d) IDPs have willfully occupied dwelling-spaces in violation of the law. 
Georgia, Law on Displaced Persons, 1996, as amended to 2010, Articles 3(3), 5(1)–(2)(c), 5(2)(f)–(i), 5(2)(l) and 5(3)–(4).
The Law defines an IDP as:
a citizen of Georgia or a stateless person permanently residing in Georgia, who was forced to leave his place of permanent residency and seek asylum within the territory of Georgia due to a threat to his or his relatives’ life, health and freedom, as a result of an aggression by a foreign state, an internal conflict or massive violations of human rights. 
Georgia, Law on Displaced Persons, 1996, as amended to 2010, Article 1.
Georgia’s Law on Displaced Persons (1996), as amended in 2011, states:
Article 3 – Rights and obligations of [a] person seeking IDP [internally displaced person] status
3. According to the norms and rules established by the legislation of Georgia, a person seeking IDP status shall have the right to:
a) reside at a temporary place of residence;
b) enjoy free utilities at [a] place of compact settlement;
c) receive other types of assistance;
Article 5 – Rights and obligations of the IDP
1. The IDP has the right to:
a) Receive the assistance of the IDP;
b) Receive social and other assistance[] under the terms and conditions foreseen by the Georgian legislation.
c) Have a temporary accommodation with[in] the territory of Georgia.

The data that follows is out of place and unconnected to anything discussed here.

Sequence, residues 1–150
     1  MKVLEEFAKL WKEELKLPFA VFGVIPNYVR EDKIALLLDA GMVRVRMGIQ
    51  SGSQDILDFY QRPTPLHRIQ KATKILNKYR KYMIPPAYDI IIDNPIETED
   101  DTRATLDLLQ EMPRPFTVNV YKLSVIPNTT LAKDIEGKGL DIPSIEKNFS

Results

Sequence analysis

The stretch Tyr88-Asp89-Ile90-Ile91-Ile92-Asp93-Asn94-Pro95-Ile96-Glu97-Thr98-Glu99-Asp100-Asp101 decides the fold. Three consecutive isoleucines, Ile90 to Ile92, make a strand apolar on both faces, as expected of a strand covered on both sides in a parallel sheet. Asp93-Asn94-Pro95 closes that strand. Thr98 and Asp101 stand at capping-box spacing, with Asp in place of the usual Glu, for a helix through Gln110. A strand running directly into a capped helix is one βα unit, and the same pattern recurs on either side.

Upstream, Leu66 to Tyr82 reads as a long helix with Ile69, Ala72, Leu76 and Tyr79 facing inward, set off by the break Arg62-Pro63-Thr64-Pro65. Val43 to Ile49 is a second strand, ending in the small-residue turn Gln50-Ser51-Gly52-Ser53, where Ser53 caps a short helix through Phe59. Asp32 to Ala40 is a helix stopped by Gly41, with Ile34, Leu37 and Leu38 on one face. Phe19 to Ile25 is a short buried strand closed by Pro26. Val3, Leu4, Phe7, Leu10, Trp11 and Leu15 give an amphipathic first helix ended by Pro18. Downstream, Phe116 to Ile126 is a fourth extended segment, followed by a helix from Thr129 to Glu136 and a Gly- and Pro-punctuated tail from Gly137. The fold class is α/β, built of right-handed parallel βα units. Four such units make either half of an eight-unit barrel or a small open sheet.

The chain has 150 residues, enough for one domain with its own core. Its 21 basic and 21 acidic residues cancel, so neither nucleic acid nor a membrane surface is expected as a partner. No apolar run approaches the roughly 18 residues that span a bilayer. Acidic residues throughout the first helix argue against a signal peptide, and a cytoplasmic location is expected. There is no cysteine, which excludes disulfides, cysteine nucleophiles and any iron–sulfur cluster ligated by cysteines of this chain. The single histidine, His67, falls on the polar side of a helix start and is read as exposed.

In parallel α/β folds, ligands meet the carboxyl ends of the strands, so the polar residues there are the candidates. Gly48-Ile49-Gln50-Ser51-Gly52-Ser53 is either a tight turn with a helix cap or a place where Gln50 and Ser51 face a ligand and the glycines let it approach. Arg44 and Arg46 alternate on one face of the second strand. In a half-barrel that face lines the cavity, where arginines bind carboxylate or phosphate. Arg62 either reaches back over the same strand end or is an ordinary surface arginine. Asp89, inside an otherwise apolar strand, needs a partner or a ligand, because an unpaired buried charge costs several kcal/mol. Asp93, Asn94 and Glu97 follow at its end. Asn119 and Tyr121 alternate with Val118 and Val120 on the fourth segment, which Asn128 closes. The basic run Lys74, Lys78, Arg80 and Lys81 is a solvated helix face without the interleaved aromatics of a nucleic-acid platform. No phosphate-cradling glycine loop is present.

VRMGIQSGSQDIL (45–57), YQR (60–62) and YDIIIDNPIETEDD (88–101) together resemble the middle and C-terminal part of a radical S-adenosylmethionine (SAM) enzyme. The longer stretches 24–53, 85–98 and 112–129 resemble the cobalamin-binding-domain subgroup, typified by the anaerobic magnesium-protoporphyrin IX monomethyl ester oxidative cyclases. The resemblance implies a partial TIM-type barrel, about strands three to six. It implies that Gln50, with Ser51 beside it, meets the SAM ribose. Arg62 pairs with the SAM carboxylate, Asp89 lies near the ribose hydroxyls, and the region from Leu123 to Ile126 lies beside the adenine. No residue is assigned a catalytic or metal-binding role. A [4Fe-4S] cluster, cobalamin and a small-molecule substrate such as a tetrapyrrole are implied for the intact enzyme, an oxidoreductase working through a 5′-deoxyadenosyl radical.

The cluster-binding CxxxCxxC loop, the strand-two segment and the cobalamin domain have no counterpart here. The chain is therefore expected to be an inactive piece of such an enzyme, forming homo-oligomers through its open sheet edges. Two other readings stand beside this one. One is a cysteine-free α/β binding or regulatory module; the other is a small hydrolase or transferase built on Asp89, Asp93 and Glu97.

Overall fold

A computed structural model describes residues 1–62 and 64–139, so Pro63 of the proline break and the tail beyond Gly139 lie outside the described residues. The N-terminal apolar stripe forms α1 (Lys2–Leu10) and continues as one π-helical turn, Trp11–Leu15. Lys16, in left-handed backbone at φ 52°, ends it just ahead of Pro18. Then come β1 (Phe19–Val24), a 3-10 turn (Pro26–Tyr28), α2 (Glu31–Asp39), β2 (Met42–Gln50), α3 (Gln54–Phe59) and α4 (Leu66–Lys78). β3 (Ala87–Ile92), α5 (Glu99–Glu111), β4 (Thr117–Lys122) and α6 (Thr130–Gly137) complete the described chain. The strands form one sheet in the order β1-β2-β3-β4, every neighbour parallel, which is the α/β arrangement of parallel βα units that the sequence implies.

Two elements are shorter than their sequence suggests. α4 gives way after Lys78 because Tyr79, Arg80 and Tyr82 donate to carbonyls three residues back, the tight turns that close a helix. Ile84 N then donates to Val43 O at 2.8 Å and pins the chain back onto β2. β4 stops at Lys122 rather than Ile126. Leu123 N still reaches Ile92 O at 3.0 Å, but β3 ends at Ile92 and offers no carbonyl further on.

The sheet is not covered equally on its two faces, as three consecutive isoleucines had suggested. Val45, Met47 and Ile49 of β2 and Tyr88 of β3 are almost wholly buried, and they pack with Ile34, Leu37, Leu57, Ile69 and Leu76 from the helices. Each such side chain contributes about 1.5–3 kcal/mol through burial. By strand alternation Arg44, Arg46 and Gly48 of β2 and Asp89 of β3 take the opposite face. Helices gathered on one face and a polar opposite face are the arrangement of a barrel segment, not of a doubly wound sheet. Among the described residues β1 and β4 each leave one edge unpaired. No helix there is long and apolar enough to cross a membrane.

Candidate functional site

Article 5.3 – Protection of IDPs at the Temporary Residence
1. Dispute[s] concerning … accommodation/housing issues are resolved according to the relevant rules of the Georgian legislation.
2. Until the restoration of the jurisdiction of Georgia [i]n its occupied territories[,] … eviction of … IDPs from the IDP resettlement facilities will not take place unless:
a) There is a written agreement with IDPs to exchange their areas in the IDP resettlement facilities for compensation or other pecuniary or non-pecuniary goods;
b) [A]relevant residential area [is] given to the IDP[, which] will not worsen his/her living conditions;
c) Du[e to] … natural or man-[made] events that are regulated by the Georgian legislation;
d) The IDP has willfully occupied the dwelling-space, in violation of the law.
Article 5.4 –Ensuring the [rights of] IDP[s] in the Temporary Residence
The Ministry supports the IDPs in [the] enjoyment of their rights in …temporary dwelling spaces together with the executive authorities and local self-government bodies, who:
a) Assist the IDP to get … temporary employment, taking into account his/her profession and qualification;
b) Within their competencies deliver the allowances and assistance[] provided by Georgian legislation;
c) Ensure the IDP’s constitutional right to education and free education at public secondary schools at the expenses of the Government;
d) Decide the issues relating to the IDP[’]s retirement maintenance;
e) Assist the IDP[] in resolving … social and living problems;